BOSTON -- Even as prayers in Massachusetts and around the country are going out for Senator Kennedy, whom doctors diagnosed yesterday with a malignant brain tumor, the news is prompting quiet consideration of a political environment devoid of America's second-longest-serving senator.
Given the seriousness of Mr. Kennedy's condition and the recognition of his formidable will, few in the Bay State are eager to talk publicly about what his illness might mean politically. Even so, the announcement underlines the idea that Mr. Kennedy, first elected in 1962 to fill his brother's seat, might someday exit the stage.
The news of the senator's diagnosis, which pre-empted programming on local broadcast outlets yesterday and dominated cable news coverage throughout the afternoon, threatens to upset the existing political order in the state.
The last prospect of an open Senate seat in Massachusetts came in 2004, when it looked briefly as if Senator Kerry might win the presidency. At that time, the leading prospective candidates included a quintet of congressmen from the Greater Boston area — Barney Frank, Edward Markey, Martin Meehan, Michael Capuano, and Stephen Lynch. Mr. Frank has since become the chairman of the House Financial Services Committee and Mr. Markey the head of the telecommunications and Internet subcommittee.
Should Mr. Kennedy leave his position, state law, passed during the 2004 election cycle to prevent the then governor, Mitt Romney, from appointing a potential replacement for Mr. Kerry, calls for a special election. Messrs. Capuano and Lynch, both of whom represent parts of Boston, would make formidable candidates. Other potential Democratic candidates could include current state office holders — Governor Patrick; the treasurer, Timothy Cahill; and the attorney general, Martha Coakley — as well as Mr. Kennedy's nephew Joseph Kennedy, a former state attorney general, Scott Harshbarger, and even Mr. Kennedy's wife, Victoria Reggie Kennedy [A slideshow of potential Democratic successors to Mr. Kennedy is included above].
On the Republican side, preliminary speculation has centered on Mr. Romney, who challenged Mr. Kennedy for Senate in 1994, and the president of Harvard Pilgrim Health Care, Charles Baker.
"Don't bet against Ted Kennedy being around for another five years, but nonetheless it puts the Massachusetts political community on notice," a Democratic political analyst and supporter of Mr. Kennedy's, Louis DiNatale, said. "This just kicks open everything. Does Patrick run for the U.S. Senate seat? It literally does open up a plethora of opportunities for a half a dozen major figures."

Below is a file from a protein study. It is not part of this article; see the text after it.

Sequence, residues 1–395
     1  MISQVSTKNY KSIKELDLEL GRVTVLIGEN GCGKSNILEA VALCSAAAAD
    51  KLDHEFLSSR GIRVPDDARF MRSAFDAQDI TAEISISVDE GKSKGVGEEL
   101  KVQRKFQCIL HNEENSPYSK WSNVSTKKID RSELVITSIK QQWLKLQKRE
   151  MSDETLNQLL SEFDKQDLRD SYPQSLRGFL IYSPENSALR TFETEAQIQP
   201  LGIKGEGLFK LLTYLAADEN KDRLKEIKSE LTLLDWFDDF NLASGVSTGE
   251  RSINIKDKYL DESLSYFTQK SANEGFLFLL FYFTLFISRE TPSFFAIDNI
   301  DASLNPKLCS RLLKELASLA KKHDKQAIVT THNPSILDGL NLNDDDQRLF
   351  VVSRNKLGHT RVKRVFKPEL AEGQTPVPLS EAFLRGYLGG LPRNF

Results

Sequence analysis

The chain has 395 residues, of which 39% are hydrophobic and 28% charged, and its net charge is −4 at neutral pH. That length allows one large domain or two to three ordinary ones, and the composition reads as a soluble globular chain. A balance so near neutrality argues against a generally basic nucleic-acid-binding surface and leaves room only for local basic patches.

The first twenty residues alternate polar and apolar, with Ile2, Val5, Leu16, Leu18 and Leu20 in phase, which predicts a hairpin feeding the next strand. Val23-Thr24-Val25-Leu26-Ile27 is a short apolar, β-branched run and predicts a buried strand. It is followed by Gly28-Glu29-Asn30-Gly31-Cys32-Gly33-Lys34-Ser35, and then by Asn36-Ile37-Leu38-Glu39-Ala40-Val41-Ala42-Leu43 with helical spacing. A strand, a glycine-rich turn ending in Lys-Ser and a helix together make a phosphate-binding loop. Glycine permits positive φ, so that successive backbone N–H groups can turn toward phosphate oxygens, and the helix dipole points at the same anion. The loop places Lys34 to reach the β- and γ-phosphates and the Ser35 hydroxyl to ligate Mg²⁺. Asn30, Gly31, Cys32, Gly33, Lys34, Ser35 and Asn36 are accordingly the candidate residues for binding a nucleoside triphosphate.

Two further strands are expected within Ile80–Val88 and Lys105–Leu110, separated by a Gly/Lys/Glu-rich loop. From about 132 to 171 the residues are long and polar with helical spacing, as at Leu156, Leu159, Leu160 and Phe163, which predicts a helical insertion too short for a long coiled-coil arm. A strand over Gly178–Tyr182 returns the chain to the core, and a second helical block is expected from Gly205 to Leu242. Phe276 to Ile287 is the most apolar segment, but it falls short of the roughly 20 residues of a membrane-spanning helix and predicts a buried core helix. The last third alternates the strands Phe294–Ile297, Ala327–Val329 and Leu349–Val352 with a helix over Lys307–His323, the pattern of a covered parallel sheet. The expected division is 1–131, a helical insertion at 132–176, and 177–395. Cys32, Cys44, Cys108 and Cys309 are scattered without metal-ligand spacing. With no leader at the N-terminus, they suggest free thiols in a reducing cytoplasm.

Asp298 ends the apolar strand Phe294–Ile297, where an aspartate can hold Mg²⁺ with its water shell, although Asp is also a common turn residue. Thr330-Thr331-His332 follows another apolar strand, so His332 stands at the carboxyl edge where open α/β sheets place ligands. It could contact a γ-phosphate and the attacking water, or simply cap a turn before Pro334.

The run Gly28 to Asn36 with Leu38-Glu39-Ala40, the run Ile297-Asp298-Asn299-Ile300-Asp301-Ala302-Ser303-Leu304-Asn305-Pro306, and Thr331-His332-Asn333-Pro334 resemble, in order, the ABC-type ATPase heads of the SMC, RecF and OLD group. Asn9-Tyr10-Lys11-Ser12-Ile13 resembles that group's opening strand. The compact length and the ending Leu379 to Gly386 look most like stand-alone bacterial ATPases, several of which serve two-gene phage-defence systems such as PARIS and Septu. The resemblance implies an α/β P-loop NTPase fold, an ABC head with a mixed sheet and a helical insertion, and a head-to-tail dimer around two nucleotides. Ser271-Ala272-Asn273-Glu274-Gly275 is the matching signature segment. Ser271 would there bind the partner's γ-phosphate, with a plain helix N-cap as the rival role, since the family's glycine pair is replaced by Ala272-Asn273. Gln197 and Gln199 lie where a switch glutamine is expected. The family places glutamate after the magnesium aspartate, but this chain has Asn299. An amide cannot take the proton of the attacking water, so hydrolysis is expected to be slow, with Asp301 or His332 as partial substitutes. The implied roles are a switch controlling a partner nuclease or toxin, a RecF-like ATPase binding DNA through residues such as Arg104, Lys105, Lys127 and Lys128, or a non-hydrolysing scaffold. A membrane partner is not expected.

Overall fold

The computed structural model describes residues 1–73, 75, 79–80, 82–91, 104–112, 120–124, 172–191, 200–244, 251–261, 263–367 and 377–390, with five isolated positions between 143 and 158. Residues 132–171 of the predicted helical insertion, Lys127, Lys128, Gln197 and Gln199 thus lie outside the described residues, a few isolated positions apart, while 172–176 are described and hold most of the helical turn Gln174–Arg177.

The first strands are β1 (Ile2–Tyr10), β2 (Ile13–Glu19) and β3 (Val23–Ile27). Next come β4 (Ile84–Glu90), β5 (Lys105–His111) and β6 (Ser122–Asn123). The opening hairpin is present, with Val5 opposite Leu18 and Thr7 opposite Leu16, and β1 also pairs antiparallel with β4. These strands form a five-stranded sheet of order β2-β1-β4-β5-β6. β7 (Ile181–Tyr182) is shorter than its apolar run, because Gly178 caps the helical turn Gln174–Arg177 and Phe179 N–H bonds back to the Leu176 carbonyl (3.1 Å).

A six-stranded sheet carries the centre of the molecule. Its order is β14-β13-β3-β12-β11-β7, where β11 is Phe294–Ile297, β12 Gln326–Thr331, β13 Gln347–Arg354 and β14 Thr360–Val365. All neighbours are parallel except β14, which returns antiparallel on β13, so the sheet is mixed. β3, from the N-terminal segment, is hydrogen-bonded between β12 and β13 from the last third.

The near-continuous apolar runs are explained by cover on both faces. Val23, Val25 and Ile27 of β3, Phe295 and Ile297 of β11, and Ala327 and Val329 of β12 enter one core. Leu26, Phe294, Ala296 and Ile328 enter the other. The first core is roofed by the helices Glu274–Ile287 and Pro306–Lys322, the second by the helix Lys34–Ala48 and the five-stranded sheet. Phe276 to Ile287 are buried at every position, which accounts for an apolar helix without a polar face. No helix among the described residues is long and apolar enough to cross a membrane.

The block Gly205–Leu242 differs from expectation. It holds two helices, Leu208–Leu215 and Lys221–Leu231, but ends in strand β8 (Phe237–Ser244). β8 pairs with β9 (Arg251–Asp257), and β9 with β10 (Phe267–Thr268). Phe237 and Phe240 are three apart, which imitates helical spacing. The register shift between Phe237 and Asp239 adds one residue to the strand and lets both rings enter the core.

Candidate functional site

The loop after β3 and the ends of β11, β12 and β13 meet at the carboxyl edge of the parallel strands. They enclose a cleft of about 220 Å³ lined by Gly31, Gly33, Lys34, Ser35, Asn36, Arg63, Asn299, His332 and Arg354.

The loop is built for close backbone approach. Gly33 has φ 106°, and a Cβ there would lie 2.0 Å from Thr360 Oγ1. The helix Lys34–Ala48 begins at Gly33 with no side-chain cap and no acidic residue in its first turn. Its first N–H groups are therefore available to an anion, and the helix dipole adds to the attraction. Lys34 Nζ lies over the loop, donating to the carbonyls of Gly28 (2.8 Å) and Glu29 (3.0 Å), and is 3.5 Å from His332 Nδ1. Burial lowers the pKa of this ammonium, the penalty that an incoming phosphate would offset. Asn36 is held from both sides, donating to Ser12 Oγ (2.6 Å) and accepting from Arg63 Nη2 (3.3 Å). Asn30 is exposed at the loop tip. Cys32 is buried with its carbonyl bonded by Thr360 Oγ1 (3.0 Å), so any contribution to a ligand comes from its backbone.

For many, the announcement prompted a call for Mr. Kennedy's recovery. "People's first feeling will be to say a quiet prayer," a former lieutenant governor whose father replaced John F. Kennedy in the House and served with Senator Kennedy in the state delegation as speaker of the House, Thomas O'Neill, said. "Americans and folks in Massachusetts ought to be saying a quiet vigil."
Still, the episode is presenting for some an opportunity to take the long view on the senator's achievements.
Other than a two-year interregnum between 1960 and 1962, a son of Joseph P. Kennedy has held the Senate seat since 1952. Edward Kennedy's service in the Senate has spanned multiple eras: He joined less than a year after John Glenn made the first manned space flight, and he placed his stamp on this year's contentious Democratic presidential primary when he endorsed Senator Obama over Senator Clinton. For a time the most reliable Republican talking point and fund-raising argument, Mr. Kennedy has nonetheless worked as a partner over the years with such figures as Senator Hatch, Senator McCain, and President Bush.
Mr. Kennedy was the driving force behind a series of legislative achievements that have over time become the bipartisan consensus: He sponsored the Americans with Disabilities Act, increased funding for the National Institutes of Health, and created government-backed student loans.
"He was the most important, most effective lawmaker of the 20th century. I don't think there was another person who affected the lives of so many," the author of "Edward M. Kennedy: A Biography," Adam Clymer, said. "Over a long career, he has accomplished more than any other lawmaker in the 20th century."
"If you were to put 99 senators in a room together and ask them to write down the name of the three most powerful, substantive people in the Senate and then write the name of the most popular senator, his is the only name that would appear on both lists," a Democratic political consultant, Michael Goldman, said.
A former Washington bureau chief of the Boston Globe, Martin Nolan, said he remembered meeting Mr. Kennedy when he announced his intention to run for the Senate in 1962. "Little did any of us know then that he would become the George Washington of the Senate, one of its legendary giants, not only in seniority — third all time, behind Robert Byrd and Strom Thurmond — but in accomplishment," Mr. Nolan said.